Prepping in Operating System

Win10XPE is available here. You should see a download link towards the top of the page. Use 7-Zip or a similar archiving tool to extract Win10XPE. You'll also need a Windows 10 ISO file. As of the time of this writing, 2004 is still the recommended version. It should be available from here. I'm using version 10.0.19041.264, architecture "x64", and the "en-US" language.

Configuring Win10XPE

I started by mounting the ISO. The easiest way to do this is to open the ISO using Windows Explorer. From there, it's just a matter of clicking the "Select the Windows 10/11 source folder" button and selecting the newly mapped drive letter.

[Select ISO]

Adding custom drivers

Custom drivers can be added by copying them in. The easiest way to get to the folder is to click on the "Copy Drivers Here" button. The bottom of the two pictures, shows the drivers for the FTDI-based USB-to-serial adapter that I'm using.

[Custom driver folder] [Custom driver folder]

Adding VCC

Windows 10 XPE requires some configuration in order to autostart VCC, and the VCC Shutdown utility. Additional tweaks are also required in order to get the serial ports to work. These are in the VCC autostart script. The script is included with VCC version 4. Adding it is simple. It's just a matter of copying the script file over to Win10XPE\Projects\MyPlugins\Apps\MultiMedia, then clicking the "Refresh" button in upper right.

[VCC Plugin]

Plugin Configuration

I disabled all of the plugins except "VCC Autostart" and "DirectX." Through testing, I found that the gamepad doesn't work unless I leave the DirectX plugin enabled. Both the FTDI and COM1 fixes work, when it comes to getting both serial ports working, but a delay is required to give them time to re-initialize. Through testing, I found that 5 seconds is required on my system. I'm running VCC in d:\player, right off of the flash drive. The drive letter can vary, depending on how the system is set up. Finally I disabled network initialization and a related 3 second delay, since I'm not using any kind of networking.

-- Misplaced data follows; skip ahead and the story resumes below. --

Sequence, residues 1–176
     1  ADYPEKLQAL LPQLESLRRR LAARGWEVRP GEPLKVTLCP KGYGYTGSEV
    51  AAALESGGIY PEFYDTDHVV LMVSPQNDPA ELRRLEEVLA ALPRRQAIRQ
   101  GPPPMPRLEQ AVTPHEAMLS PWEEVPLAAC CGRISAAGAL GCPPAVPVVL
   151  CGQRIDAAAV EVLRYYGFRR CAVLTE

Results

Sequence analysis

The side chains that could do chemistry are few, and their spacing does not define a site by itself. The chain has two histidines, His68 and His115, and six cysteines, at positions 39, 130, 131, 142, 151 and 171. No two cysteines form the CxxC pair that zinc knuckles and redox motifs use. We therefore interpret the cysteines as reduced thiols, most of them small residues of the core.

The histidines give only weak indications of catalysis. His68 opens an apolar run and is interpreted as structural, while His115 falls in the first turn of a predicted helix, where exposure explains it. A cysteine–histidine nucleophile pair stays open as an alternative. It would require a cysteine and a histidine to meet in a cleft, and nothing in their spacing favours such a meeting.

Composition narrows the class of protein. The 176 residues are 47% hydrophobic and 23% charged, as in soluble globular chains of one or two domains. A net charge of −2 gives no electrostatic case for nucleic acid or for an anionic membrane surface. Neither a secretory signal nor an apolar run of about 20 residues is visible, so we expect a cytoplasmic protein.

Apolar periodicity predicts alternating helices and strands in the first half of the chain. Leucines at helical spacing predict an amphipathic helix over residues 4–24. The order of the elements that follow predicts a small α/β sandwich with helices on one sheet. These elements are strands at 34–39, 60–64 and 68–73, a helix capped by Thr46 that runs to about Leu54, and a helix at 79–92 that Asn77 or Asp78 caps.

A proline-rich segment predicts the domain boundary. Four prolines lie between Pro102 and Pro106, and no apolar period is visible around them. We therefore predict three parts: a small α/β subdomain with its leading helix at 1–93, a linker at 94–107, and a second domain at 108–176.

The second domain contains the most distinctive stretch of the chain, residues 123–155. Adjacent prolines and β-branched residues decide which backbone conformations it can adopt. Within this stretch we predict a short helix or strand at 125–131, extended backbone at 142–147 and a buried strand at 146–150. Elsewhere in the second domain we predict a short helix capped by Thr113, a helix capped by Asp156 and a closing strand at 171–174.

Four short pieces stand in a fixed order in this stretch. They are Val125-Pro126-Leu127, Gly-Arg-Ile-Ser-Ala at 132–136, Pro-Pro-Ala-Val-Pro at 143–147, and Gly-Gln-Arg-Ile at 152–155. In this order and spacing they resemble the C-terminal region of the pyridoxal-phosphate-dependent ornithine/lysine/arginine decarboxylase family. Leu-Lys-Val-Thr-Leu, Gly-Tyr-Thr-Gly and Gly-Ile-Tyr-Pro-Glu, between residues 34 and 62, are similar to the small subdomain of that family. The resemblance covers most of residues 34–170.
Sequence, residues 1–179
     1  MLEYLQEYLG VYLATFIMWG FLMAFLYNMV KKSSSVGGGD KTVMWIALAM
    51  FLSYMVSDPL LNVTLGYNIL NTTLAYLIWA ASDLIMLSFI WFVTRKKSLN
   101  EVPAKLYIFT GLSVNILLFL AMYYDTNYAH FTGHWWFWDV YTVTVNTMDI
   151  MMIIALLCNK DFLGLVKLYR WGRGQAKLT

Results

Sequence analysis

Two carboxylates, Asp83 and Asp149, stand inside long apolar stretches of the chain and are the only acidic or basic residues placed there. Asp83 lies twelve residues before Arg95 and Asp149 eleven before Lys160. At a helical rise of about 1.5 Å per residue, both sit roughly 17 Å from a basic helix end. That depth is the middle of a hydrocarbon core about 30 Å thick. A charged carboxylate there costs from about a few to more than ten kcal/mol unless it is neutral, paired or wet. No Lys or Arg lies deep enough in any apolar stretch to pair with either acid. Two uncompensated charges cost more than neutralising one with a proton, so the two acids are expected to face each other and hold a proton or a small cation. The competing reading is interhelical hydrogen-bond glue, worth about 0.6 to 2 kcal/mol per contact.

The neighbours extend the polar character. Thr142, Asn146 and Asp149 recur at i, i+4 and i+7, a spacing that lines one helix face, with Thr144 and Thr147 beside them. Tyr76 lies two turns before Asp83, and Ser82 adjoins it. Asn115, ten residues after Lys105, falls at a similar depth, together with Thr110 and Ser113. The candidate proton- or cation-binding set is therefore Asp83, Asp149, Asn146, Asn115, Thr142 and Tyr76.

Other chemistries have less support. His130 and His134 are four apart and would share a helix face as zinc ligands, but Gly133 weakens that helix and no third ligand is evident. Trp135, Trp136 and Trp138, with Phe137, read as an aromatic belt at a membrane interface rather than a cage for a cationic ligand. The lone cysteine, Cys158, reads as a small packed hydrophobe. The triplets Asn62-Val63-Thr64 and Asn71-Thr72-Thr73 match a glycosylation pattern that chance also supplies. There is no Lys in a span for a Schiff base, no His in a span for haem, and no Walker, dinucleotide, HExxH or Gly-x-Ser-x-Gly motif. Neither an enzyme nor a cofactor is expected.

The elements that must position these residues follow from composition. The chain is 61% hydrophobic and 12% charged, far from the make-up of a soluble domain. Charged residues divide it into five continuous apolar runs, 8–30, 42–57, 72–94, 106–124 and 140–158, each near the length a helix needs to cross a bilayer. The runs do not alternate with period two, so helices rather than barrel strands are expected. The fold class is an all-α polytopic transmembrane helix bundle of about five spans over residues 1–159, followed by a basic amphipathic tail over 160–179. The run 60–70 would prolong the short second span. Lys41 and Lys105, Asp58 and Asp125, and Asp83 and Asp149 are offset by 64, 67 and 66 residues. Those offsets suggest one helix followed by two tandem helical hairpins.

[VCC Plugin]

Additional Tweaks

Under the main section of "Build Core" I disabled "Network Drivers" and "MSI Windows Installer", since I don't need either one. Without the network drivers, the final image was a lot smaller than it otherwise would have been.

[Win10 XPE Tweaks]

The default volume of 33 wasn't nearly loud enough. I changed it to 95.

[Win10 XPE Tweaks]

Building / Testing

Building is pretty striaght-forward. Clicking the green "Play" button in the upper-right starts the build process. When that's complete, it's just a matter of saving it all to the flash drive. For this I used Rufus. The recommended settings seemed to work fine. One that was complete, I booted the system off of the flash drive and was able to run my tests.

[Building Win10 XPE]

Making Win10 XPE semi-permenant.

While I keep my music, VCC, and MPXPlay on the flash drive, for easier updating, I have Windows 10 XPE installed on the internal NVMe drive. To get it transferred I used drive imaging software. Any good drive imaging program will work. The example below uses Drive Snapshot. I started by selecting "Backup Disk To File" then saving the image onto the internal eMMC drive.

[Applying Image] [Applying Image] [Applying Image] [Applying Image]

After selecting the "Restore Disk from File" option, and clicking "Next", I right-clicked on the NVMe drive and selected "Restore Partition Structure" and "Restore Master Boot Record ." This sets up the partition structure and makes it bootable. After that, it's simply a matter of clicking "Next."

[Applying Image] [Applying Image] [Applying Image] [Applying Image]

style="border: 1px solid black;" [Applying Image] [Applying Image]

Last Update: 5-29-2024